May 8, 2015
STATE DEP’T STICKS HEAD IN THE SAND: . . . on high-level corruption and refuses to review the propriety of Hillary Clinton’s violation of her State Department Memorandum of Understanding (MOU) about foreign donations to the Clinton Foundation. This is ironic, since the White House Press Secretary Josh Earnest told reporters, in the following Feb. 26 exchange, to direct their questions about the violations to the State Department:
Q Josh, are there are any regrets here on the Clinton Foundation story that the ethics deal that White House aides, administration officials negotiated with Secretary Clinton and the Clinton Foundation failed to prevent the Algerian government from contributing half a million dollars to the Clinton Foundation the very time that they were lobbying this White House, the State Department? Wasn’t this what the President was trying to prevent?
MR. EARNEST: Well, Ed, let’s go back to 2008. At the end of 2008, there was a memorandum of understanding that was drafted between the then-transition team and the Clinton Foundation, and the goal of that memorandum was to ensure that the excellent work that is being done at the Clinton Foundation could continue. . . .And that memorandum of understanding went beyond the baseline ethical guidelines. It put in place some additional requirements to ensure that we could — that the Clinton Foundation could continue its work, and that the Secretary of State could do her work without even the appearance of a conflict of interest. And we are —
Q But it failed then, because then a half million dollars came in from a government that was accused of human rights abuses and was lobbying this administration for relief. How do you explain then, given these wonderful ethics rules that this mistake was made?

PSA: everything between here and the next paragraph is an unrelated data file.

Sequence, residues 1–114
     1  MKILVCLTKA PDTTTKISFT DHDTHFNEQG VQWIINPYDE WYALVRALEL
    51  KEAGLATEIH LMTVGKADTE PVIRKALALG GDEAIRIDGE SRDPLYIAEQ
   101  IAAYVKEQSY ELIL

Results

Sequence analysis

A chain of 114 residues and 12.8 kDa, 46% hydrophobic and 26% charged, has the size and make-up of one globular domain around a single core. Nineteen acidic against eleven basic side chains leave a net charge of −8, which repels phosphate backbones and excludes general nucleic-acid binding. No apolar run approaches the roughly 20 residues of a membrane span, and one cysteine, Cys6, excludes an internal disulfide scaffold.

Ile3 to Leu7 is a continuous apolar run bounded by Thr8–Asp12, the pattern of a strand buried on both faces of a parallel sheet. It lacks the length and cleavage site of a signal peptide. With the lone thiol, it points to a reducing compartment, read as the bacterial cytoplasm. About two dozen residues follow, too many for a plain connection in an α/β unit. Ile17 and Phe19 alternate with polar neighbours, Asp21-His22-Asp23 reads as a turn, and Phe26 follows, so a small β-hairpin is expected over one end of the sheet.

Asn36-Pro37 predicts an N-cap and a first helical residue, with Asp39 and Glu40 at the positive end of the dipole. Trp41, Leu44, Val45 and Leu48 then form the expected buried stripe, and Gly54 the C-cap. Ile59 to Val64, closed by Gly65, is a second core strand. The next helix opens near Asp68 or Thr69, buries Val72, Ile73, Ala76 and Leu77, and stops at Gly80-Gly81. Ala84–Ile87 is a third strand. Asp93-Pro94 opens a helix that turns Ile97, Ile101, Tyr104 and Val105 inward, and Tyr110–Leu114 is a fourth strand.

MR. EARNEST: Well, again, for compliance with the memorandum of understanding, I’d refer you to the State Department. They’re ultimately responsible for executing the agreement. And obviously there was some responsibility at the Clinton Foundation to live up to it.
Q — the White House’s reputation on the line. This was a negotiation between, as I recall, very senior people like Valerie Jarrett. This is not just the State Department, not just a foundation. Does the President have any concerns? You laid out all the wonderful work the foundation does. No dispute there. But what about the appearance of impropriety, these foreign governments trying to get access and wield influence in this President’s administration?
MR. EARNEST: Well, it is the responsibility of the Department of State to determine how compliance was enforced when it comes to the memorandum of understanding.
Q Or not, right?
MR. EARNEST: Well, again, it’s their responsibility to monitor the agreement. And so I’d refer you to them for questions about this. But I can tell you that the President is obviously very pleased with the way that Secretary Clinton represented the United States around the globe during her tenure over in Foggy Bottom.
At a State Department Press briefing Thursday, reporters followed up, asking Acting Deputy Spokesperson Jeff Rathke if the State Department intended to investigate Clinton’s violation of itsMOU:
MR. RATHKE: Now at this point, our role has changed. Secretary Clinton is no longer at the department, for questions about the foundation or the health access initiative or any of the offshoots and their funding, we’d refer you back to them. The State Department has not and does not intend to initiate a formal review or to make a retroactive judgment about items that were not submitted during Secretary Clinton’s tenure. The department’s actions under Secretary Clinton were taken to advance administration policy as set by the President and in the interest of American foreign policy. . . .
QUESTION: Okay, but why not? I mean, why do you not intend to —
MR RATHKE: Again, we aren’t aware of any actions taken —
QUESTION: Oh, I know you’re not aware, because you haven’t looked into them, right? (Laughter.)
MR RATHKE: Well, but again, let’s go back to what we did do during her tenure. Over the course of her tenure, we reviewed dozens of entities each year. The Clinton Foundation also is a charitable organization, so we would not have had the obligation to review their donation beyond what was committed to in the MOU.